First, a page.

|10th Mayor of Los Angeles|
May 10, 1866 – May 8, 1867
|Preceded by||Jose Mascarel|
|Succeeded by||Damien Marchesseault|
August 8, 1867 – December 7, 1868
|Preceded by||Damien Marchesseault|
|Succeeded by||Joel Turner|
December 9, 1870 – December 5, 1872
|Preceded by||Joel Turner|
|Succeeded by||James R. Toberman|
|Died||April 11, 1886 (aged 69–70)|
East Los Angeles, California
José Cristóbal Aguilar (1816 – April 11, 1886) was a Californio politician and journalist, who served three terms as Mayor of Los Angeles, the last Hispanic to hold the office until 2005, with the election of Antonio Villaraigosa.
Aguilar, also known as Cristoval, was born in California in 1816 to Jose María Aguilar and María Ygnacia Elizalde.
The Aguilars lived in an adobe facing the Los Angeles Plaza on what is now North Main Street. This house was a prominent landmark that later served as the town calabozo, or jail, and then as the town's first hospital, in 1858.
On October 31, 1848, Aguilar married Maria Dolores Yorba at the San Gabriel Mission. His wife was the daughter of José Antonio de los Remidios Yorba and María Catalina Verdugo. The Yorbas possessed vast land holdings including most of the Santa Ana Valley (in present-day Orange County, California).
In the 1870 census, the Aguilars had four children living with them: Librada, 19; Jose M., 17; Matias, 12; Guadalupe, 10, and Rosa, 7.
Aguilar could not speak English, but, as reported by Los Angeles historian H.D. Barrows in 1899, he "made a good and acceptable Mayor because of the general familiarity of citizens of all nationalities then residing here, with the Spanish tongue."
Aguilar "held prominent office under Mexican rule." After the transfer of California from Mexico to the United States, the Mexican ayuntamiento was abolished in favour of a city council system. A Democrat, Aguilar was elected to the new Los Angeles Common Council on July 1, 1850, and he served in 1850-51, 1855–56, 1858–59 and 1861-62. He was mayor of Los Angeles in 1866-67, 1867–68 and 1870-72.
Aguilar was elected to the Board of Supervisors three times, serving in 1854-56, 1860 and 1862-64.
Aguilar was first elected mayor on May 7, 1866. The election was certified three days later and he assumed office that same day. In that same year he signed an ordinance to set aside five acres of land as a "Public Square or Plaza, for the use and benefit of the Citizens in common," which land later was named Pershing Square.
Aguilar was unseated for three months in the middle of his first term and replaced by Damien Marchesseault. During that time he served as Zanjero of Los Angeles (water steward). With Los Angeles being in a Mediterranean climate and risks of both drought and flooding a constant threat, this position was actually considered more important than the mayor and paid the highest salary of any city official at the time. On August 8, 1867, Aguilar was reinstated as mayor and served the remainder of his term. His decision in 1868 to retain control over the city's water rights and reserves is considered one of the most important in Los Angeles' history.
In 1868, Aguilar lost re-election to Joel Turner and was subsequently appointed as zanjero once again.
Aguilar was elected mayor in 1870 over Andrew Glassell by a vote of 436 to 428, and he was installed despite a requested recount. He was defeated for reelection in 1872 by J.R. Toberman in a vote of 715 for Toberman and 350 for Aguilar. During that election, Toberman "made an issue" of Aguilar's "poor English."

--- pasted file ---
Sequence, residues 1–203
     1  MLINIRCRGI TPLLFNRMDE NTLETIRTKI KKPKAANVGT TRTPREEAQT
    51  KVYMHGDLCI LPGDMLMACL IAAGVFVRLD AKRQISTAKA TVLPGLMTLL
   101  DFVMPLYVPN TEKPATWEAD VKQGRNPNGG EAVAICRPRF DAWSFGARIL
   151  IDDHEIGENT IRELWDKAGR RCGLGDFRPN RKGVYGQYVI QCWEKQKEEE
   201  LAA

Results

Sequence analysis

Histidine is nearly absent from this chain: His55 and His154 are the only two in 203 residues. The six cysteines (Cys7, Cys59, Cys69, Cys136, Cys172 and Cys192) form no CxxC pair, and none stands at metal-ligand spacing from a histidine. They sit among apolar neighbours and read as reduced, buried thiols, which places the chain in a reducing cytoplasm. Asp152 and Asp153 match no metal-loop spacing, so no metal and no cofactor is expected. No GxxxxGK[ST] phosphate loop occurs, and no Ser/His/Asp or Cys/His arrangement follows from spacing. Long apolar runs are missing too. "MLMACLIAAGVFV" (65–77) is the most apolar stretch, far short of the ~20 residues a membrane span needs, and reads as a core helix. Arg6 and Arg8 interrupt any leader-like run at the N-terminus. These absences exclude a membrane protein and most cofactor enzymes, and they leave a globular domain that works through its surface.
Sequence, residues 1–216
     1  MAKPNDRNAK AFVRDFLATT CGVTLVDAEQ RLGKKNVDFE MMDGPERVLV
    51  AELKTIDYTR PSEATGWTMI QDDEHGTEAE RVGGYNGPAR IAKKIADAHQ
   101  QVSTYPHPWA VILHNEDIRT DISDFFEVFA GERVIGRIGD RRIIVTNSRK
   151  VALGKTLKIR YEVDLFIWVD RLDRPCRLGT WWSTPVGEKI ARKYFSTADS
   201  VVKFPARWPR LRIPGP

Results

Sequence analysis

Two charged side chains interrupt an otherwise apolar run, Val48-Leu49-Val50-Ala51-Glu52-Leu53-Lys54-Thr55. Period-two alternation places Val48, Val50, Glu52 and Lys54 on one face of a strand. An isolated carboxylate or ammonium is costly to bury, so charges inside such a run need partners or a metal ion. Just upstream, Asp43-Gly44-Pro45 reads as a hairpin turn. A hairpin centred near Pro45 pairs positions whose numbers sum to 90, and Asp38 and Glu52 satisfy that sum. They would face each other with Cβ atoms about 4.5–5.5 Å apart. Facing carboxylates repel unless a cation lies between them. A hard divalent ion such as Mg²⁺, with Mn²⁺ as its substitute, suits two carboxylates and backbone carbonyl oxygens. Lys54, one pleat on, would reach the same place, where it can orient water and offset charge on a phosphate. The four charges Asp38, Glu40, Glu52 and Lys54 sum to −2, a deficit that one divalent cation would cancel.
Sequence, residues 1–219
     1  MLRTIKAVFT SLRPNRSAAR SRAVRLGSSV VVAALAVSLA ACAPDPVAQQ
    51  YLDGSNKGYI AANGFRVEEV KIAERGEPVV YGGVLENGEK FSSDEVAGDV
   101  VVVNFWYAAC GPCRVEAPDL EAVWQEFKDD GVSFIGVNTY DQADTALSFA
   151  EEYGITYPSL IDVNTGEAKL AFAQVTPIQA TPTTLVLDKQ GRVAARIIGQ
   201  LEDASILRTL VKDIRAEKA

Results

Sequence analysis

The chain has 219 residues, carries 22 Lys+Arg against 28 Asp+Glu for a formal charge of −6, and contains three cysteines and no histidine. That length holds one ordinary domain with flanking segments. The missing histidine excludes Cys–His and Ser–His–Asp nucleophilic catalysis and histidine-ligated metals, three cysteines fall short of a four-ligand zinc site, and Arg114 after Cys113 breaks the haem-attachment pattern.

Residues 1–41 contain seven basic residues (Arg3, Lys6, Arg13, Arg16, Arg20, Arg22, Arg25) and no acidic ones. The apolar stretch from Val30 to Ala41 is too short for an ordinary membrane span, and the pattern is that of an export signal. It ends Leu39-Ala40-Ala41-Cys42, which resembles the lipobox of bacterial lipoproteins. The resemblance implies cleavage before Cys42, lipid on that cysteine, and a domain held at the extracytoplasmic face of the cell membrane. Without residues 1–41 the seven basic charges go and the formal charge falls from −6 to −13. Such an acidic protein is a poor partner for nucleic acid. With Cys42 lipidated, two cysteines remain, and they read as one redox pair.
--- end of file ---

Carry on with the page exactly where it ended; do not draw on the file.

Historian John P. Schmal noted that:
When Aguilar became Mayor, there were less than 6,000 residents in the City. When the city council proposed selling off the city's water rights to bring in additional revenue, Aguilar vetoed the proposal. If Aguilar had not used his power of veto, Los Angeles would have lost control of its water rights, leading to serious problems at a later date.
In December 1873, Aguilar was again appointed as zanjero by a vote in the Common Council of 7-2 over T.H. Eaton. Aguilar served until December 5, 1878.
After retiring from politics Aguilar wrote for La Cronica, the City's leading Spanish-language newspaper at the time. In the paper, he wrote a regular column on local community issues.
He died of a heart attack on April 11, 1886, at the age of 70.
The Los Angeles Herald wrote of him in an obituary:
He was at one time a wealthy man and brought up a large family with much care, giving each a good education. Later he lost most of his property, as many others did, in the dark days of the municipality before there was a market for products of the soil. . . . He was getting on his horse to ride out and see to a water ditch, and fell back dead.
The funeral was at the Church of Our Lady the Queen of Angels
- Chronological Record of Los Angeles City Officials: 1850—1938, Compiled under Direction of Municipal Reference Library City Hall, Los Angeles March 1938 (Reprinted 1966)
- ^ a b c d e "Death of Ex-Mayor Aguilar," Los Angeles Herald, April 13, 1886, page 1
- ^ a b c John P. Schmal, "The Election of Cristobal Aguilar," LatinoLA, October 5, 2005
- ^ a b c d e f g h John P. Schmal, "The Four Hispanic Mayors of Los Angeles," HispanicVista.com, May 23, 2005 Archived September 1, 2007, at the Wayback Machine
- ^ a b Clare Wallace, Los Angeles Public Library biography, May 9, 1938, from sources, cited there
- ^ "Common Council," Los Angeles Daily Herald, January 1, 1874, page 1, columns 1 and 2
- Estrada, William. "The Last Latino Mayor of Los Angeles: Jose Cristobal Aguilar, 1866-1868, 1871-1872," Center For Law In the Public Interest, June 30, 2005